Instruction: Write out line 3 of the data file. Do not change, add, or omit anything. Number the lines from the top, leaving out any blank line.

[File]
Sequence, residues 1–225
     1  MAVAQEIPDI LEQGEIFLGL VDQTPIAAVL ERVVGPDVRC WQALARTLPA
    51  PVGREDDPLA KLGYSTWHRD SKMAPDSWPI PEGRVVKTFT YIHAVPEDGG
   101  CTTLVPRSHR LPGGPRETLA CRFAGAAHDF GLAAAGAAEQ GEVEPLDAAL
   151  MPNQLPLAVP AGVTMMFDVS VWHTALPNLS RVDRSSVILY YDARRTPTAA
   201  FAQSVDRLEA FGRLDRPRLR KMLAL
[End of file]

    51  PVGREDDPLA KLGYSTWHRD SKMAPDSWPI PEGRVVKTFT YIHAVPEDGG